The Roarke character, a thinly disguised version of Frank Lloyd Wright, was a mouthpiece for Rand’s belief that arrogance and egocentrism are integral components of genius.  Given Rand’s fevered devotion to this unlikeable idea, it’s no wonder the pious Roark was so insufferable.

Alas, fiction isn’t the only place you’ll find architects like Howard Roarke.  The arrogance of many real-life architects is just as legendary.  It’s become sort of an endearing character flaw, to be taken with a wink and a nudge:  Oh well—you know those architects.  

Frank Lloyd Wright remains the undisputed mogul of architectural arrogance, a stature borne out by numberless anecdotes.  My personal favorite involves an enraged client who called Wright to complain that the roof was leaking onto her dinner guest.  Wright’s response:  “Tell him to move his chair.”

Old age did not mellow Wright’s acerbic with, much less his high opinion of himself.  In the 1940s, he gave a talk at a noted school of architecture and declared: 

“There are two kinds of architects in the world.  There is every other architect, and there is me.”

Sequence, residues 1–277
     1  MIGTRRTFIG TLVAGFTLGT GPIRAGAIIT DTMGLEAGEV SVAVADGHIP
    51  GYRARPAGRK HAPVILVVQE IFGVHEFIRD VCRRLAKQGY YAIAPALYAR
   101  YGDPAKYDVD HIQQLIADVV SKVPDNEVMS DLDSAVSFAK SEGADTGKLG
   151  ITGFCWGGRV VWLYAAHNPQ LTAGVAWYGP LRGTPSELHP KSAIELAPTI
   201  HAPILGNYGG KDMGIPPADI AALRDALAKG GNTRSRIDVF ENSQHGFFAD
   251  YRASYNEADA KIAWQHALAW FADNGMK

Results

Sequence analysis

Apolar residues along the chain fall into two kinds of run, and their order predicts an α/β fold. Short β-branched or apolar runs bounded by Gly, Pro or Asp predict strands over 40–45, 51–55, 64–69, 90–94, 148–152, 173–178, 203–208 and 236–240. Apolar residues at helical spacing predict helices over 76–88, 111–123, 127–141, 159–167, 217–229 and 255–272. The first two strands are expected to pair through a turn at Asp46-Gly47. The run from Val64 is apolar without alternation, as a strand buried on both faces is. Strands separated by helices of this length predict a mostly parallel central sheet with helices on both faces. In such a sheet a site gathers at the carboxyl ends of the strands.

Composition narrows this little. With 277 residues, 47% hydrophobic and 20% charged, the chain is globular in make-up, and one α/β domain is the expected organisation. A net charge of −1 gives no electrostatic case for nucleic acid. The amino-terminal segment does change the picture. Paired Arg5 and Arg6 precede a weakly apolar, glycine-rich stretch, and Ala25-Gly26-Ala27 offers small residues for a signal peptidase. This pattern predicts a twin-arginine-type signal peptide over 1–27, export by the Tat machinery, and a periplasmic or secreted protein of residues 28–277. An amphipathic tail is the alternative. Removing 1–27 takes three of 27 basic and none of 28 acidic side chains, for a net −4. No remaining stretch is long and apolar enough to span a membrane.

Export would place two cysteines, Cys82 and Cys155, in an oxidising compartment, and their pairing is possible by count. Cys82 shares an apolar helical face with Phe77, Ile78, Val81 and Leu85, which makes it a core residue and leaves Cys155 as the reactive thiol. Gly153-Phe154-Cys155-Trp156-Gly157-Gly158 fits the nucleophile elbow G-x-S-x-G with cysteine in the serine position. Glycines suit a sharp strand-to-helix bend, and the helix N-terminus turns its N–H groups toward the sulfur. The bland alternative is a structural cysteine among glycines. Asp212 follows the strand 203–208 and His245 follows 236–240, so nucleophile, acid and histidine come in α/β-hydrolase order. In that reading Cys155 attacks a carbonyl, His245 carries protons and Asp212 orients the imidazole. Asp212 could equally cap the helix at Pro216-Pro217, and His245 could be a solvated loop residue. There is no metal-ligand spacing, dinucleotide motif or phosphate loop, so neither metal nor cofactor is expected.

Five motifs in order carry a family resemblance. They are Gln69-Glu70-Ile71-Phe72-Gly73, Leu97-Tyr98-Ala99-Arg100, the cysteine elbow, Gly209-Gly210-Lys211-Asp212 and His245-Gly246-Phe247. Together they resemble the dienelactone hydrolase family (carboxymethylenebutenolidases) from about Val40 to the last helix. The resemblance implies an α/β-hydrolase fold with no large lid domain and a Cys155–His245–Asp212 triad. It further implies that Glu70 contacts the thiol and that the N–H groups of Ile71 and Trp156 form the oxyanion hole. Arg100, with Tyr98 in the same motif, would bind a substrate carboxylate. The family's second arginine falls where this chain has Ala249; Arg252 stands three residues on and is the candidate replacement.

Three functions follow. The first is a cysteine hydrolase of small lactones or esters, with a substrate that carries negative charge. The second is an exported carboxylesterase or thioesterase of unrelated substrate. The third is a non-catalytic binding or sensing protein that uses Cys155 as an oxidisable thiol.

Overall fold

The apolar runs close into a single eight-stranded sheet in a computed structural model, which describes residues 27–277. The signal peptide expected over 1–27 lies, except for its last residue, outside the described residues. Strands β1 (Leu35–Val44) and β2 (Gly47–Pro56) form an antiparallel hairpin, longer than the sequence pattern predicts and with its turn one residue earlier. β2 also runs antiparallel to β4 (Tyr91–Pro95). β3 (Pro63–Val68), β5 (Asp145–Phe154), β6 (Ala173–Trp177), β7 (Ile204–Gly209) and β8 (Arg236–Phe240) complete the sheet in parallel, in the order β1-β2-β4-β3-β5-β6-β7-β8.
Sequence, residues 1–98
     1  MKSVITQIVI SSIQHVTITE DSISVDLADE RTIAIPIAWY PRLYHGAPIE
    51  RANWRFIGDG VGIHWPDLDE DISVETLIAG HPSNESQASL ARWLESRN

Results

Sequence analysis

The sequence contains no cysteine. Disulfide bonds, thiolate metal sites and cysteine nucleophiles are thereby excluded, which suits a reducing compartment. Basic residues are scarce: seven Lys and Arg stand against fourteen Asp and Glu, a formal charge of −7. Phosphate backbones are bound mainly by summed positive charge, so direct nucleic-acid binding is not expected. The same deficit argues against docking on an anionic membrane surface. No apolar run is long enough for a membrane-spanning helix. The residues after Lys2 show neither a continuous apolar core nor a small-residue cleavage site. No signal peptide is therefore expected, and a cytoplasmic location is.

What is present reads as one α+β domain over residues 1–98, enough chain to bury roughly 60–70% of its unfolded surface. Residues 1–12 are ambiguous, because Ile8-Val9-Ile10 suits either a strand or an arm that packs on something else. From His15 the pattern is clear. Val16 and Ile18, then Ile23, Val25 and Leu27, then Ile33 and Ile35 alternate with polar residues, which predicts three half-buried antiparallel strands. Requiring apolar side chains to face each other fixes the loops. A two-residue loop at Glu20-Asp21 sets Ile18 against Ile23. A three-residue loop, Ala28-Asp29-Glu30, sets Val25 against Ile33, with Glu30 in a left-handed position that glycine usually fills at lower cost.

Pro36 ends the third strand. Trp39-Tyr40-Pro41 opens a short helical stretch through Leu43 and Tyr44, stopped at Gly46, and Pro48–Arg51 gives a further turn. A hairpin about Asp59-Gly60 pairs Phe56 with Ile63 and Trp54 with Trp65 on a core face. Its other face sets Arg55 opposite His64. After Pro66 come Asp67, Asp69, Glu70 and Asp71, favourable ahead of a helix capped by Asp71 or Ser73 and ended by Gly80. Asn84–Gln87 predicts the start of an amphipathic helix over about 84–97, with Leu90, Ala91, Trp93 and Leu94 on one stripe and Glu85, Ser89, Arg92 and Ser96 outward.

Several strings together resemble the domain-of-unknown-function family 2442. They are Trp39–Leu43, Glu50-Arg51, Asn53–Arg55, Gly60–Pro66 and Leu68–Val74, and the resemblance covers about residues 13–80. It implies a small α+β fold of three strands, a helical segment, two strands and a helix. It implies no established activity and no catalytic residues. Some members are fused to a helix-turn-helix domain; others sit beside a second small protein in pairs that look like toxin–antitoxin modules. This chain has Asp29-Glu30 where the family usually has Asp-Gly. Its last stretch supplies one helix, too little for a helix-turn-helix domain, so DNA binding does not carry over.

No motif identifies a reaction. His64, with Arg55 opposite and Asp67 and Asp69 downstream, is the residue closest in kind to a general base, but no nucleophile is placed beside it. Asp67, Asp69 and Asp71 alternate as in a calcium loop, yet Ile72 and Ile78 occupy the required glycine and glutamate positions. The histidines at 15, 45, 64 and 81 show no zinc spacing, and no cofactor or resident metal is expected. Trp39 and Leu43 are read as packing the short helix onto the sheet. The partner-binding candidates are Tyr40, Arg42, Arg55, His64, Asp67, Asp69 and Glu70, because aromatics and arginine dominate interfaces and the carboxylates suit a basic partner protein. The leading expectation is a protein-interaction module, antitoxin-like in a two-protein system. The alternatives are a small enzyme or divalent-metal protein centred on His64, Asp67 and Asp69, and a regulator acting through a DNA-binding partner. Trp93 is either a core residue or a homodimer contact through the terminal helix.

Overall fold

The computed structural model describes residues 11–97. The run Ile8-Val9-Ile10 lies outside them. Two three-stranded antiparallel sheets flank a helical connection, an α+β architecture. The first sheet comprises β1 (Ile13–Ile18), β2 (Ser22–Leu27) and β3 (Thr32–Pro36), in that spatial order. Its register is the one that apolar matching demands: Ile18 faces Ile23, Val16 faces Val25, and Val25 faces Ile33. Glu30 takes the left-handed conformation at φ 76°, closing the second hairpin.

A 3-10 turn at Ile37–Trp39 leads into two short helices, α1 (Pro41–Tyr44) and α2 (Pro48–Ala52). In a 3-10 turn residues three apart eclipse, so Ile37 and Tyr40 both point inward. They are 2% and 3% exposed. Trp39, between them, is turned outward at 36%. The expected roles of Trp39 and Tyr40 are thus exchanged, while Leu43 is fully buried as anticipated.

In his later years, Wright frequently engaged in sniping contests with a younger rival named Charles-Edouard Jeanneret, who styled himself Le Corbusier, and who was no slouch in the area of self-importance either.  Le Corbusier espoused radical changes in architecture and planning, based on copious theorizing but only a smattering of actual buildings.  

“I propose one single building for all nations and climates,” he proclaimed in 1937.  Wright, with a half century of brilliant work already behind him, dismissed the young architect with the observation, “Well, now that he's finished one building, he'll go write four books about it.”

Geniuses can get away with saying such things--perhaps deservedly so.  But unfortunately, arrogance isn’t confined to geniuses.  It can be found in mediocre architects as well, and too often, the results have been less than humorous.  For the better part of the Modernist era, it was this know-it-all attitude that gave us sterile public buildings, look-alike downtowns, and inhumane urban renewal projects.

These well-publicized failures have helped form the unfortunate modern-day image of the architect:  equal parts prima donna and buffoon, fussing over minuscule points of aesthetics while bungling vast portions of the client’s program.

Reality, of course, lies somewhere in between.  Yet, as we enter the 21st century, it’s clear that we architects are beginning to stagger under the mantle of “master builder”--the literal meaning of “architect”--because it’s now quite impossible for us to know everything there is to know about building in this ever-more complex world.

That’s a problem, because genius is tough to come by, and arrogance won’t get us where it used to.